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How would you detect a malfunctioning clutch?

Symptoms of a malfunctioning clutch

Usually, worn out clutches produce the following symptoms:

Burning smell

Does your car emit a burning smell similar to that of burning rubber?

It might be a sign of an overheating clutch, causing the clutch plate to wear. It is the most common issue in slow-moving traffics and requires immediate attention.


Clutch slipping out of gear

A clutch that slips out of gear while driving requires immediate attention. Such an issue might indicate potential signs of oil leakage from the crankshaft that lubricates the clutch plate.

Soft clutch

It is among the earliest signs of a worn-out clutch. You can drive your car for a short distance and examine how the clutch behaves and how far you have to let out the clutch before the gear holds.

Juddering in the clutch pedal

Sudden and odd juddering in the clutch pedal signals compromised disc grip on the flywheel. If you ignore this issue for a long time, it can seriously jeopardise your driving safety.

If you notice any of these symptoms, give us a call or pop in for us to take a look. Inoring such signs can lead to costly repairs and cause issues with your vehicle’s acceleration and deceleration, which can further hamper your on-road driving safety.

Priorslee Motor Services Telford for clutch repairs and replacement

Our comprehensive checks on a vehicle’s clutch components make us a go-to destination for all motorists around the region.

When you visit us for any clutch repair Telford, our highly-trained experts will conduct a thorough inspection on the following clutch elements:

  • Pressure plates
  • Discs
  • Cables
  • Flywheel
  • Clutch plate
  • Fork
  • Pilot bearing

After a comprehensive inspection, our mechanics will provide you with the most effective solution for repair or replacement.

Visit our workshop at Unit F1 Castle Trading Estate, Priorslee, Telford TF2 9NP

For further queries about our clutch service Telford, contact us on 01952 615939.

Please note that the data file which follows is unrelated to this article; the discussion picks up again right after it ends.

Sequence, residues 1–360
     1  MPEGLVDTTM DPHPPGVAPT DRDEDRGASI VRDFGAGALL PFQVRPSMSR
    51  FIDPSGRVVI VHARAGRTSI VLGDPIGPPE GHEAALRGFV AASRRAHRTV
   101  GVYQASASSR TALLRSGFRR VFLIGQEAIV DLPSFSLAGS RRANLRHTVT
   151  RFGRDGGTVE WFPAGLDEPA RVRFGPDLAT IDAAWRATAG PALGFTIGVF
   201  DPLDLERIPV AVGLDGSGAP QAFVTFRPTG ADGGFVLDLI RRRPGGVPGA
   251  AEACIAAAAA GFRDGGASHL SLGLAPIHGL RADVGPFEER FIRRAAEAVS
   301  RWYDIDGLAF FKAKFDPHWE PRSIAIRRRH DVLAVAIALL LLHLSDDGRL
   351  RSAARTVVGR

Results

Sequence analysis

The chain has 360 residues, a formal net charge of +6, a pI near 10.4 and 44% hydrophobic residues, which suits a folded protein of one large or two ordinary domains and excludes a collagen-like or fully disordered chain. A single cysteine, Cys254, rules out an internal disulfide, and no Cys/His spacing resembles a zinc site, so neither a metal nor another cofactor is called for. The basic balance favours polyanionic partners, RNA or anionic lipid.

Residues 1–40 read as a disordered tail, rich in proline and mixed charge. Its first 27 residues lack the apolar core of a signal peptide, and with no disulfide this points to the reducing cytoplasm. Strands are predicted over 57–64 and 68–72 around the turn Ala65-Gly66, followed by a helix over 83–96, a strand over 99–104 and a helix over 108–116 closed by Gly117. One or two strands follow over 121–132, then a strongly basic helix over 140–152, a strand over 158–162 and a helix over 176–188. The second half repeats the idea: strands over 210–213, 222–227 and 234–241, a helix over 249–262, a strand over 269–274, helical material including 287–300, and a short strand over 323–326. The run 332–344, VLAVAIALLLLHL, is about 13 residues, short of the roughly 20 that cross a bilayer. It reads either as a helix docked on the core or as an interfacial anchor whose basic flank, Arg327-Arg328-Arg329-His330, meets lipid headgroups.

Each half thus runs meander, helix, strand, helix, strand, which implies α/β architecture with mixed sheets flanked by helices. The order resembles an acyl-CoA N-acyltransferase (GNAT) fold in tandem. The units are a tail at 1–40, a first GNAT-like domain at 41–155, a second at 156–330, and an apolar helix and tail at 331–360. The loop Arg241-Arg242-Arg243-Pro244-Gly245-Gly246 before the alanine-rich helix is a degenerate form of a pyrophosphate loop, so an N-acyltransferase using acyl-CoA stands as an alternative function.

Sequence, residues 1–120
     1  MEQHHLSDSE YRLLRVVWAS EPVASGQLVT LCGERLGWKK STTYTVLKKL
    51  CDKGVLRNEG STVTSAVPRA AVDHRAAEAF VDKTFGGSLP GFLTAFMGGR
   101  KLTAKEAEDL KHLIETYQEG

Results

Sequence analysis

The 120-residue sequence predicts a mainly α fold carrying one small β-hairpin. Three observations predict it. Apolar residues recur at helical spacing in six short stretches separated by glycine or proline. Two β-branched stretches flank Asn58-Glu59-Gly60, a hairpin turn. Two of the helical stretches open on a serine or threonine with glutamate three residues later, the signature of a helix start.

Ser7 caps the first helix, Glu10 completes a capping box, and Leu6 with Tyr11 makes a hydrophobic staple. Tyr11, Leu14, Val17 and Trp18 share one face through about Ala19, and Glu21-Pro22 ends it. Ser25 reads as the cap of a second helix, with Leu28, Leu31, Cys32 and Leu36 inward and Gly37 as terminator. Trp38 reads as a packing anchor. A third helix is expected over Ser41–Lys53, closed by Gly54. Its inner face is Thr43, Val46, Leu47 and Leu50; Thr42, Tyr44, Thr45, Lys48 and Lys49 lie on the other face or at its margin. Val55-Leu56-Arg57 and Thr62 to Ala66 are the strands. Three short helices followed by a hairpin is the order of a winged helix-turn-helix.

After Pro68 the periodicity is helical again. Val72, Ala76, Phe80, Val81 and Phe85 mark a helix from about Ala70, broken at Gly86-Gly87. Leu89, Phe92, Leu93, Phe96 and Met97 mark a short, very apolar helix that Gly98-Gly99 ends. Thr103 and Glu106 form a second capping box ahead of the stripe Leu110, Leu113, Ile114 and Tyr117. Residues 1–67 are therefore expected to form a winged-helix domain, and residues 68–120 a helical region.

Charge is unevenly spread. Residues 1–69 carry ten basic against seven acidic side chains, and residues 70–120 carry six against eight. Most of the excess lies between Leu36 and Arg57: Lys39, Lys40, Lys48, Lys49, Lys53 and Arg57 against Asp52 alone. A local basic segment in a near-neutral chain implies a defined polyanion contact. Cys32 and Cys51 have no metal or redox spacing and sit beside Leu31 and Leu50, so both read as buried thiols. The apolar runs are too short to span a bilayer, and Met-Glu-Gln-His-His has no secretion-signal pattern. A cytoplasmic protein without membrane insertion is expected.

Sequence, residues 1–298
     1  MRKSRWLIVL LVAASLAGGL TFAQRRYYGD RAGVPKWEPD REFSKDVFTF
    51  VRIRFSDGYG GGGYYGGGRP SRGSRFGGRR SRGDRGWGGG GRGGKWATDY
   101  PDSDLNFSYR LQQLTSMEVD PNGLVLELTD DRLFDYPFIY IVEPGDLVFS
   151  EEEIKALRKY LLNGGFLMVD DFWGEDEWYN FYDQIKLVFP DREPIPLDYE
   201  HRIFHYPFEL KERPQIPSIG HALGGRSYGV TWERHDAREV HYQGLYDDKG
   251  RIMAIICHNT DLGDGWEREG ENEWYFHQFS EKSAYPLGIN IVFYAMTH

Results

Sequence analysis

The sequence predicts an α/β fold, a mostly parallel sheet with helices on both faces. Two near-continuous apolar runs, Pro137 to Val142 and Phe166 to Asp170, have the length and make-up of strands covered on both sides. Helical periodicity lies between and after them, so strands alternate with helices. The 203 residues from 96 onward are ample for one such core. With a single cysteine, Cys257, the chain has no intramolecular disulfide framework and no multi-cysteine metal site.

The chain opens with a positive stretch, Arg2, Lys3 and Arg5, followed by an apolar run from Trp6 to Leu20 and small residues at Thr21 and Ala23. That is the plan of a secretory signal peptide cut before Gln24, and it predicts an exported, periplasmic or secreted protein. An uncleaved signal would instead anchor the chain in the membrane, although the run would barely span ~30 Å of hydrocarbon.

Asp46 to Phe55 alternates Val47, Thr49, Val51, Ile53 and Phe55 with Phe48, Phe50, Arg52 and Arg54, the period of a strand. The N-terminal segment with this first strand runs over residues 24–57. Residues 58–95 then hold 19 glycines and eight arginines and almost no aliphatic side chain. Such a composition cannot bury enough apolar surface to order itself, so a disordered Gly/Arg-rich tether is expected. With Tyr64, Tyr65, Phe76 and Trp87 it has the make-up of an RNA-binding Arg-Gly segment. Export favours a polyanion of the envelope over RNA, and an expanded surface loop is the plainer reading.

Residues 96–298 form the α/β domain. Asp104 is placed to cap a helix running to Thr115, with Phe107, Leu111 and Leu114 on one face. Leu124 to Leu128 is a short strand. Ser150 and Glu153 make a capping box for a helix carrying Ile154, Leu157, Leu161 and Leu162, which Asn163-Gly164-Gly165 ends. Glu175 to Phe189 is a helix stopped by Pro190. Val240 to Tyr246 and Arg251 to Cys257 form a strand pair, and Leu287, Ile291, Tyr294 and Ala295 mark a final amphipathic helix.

Your Clutch and how it works:

It transmits engine power to the gear box, and allows transmission to be interrupted while a gear is selected to move off from a stationary position, or when gears are changed while the car is moving.

Hydraulic clutch system

Most cars use a friction clutch operated either by fluid ( hydraulic ) or, more commonly, by a cable.

When a car is moving under power, the clutch is engaged. A pressure plate bolted to the flywheel exerts constant force , by means of a diaphragm spring, on the driven plate .

Earlier cars have a series of coil springs at the back of the pressure plate, instead of a diaphragm spring.

The driven (or friction) plate runs on a splined input shaft , through which the power is transmitted to the gearbox. The plate has friction linings, similar to brake linings, on both its faces. This allows the drive to be taken up smoothly when the clutch is engaged.

When the clutch is disengaged (pedal depressed), an arm pushes a release bearing against the centre of the diaphragm spring which releases the clamping pressure.

The outer part of the pressure plate, which has a large friction surface, then no longer clamps the driven plate to the flywheel, so the transmission of power is interrupted and gears can be changed.

Clutch engaged

The diaphragm spring is holding the driven plate.

Clutch disengaged

The release bearing has depressed the diaphragm spring.

When the clutch pedal is released, the thrust bearing is withdrawn and the diaphragm-spring load once again clamps the driven plate to the flywheel to resume the transmission of power.

Some cars have a hydraulically operated clutch. Pressure on the clutch pedal inside the car activates a piston in a master cylinder , which transmits the pressure through a fluid-filled pipe to a slave cylinder mounted on the clutch housing .

The slave-cylinder piston is connected to the clutch release arm.

Parts of the clutch

The modern clutch has four main components: the cover plate (which incorporates a diaphragm spring), the pressure plate, the driven plate, and the release bearing.

The cover plate is bolted to the flywheel, and the pressure plate exerts pressure on the driven plate through the diaphragm spring or through coil springs on earlier cars.

The driven plate runs on a splined shaft between the pressure plate and flywheel.

It is faced on each side with a friction material which grips the pressure plate and flywheel when fully engaged, and can slip by a controlled amount when the clutch pedal is partially depressed, allowing the drive to be taken up smoothly.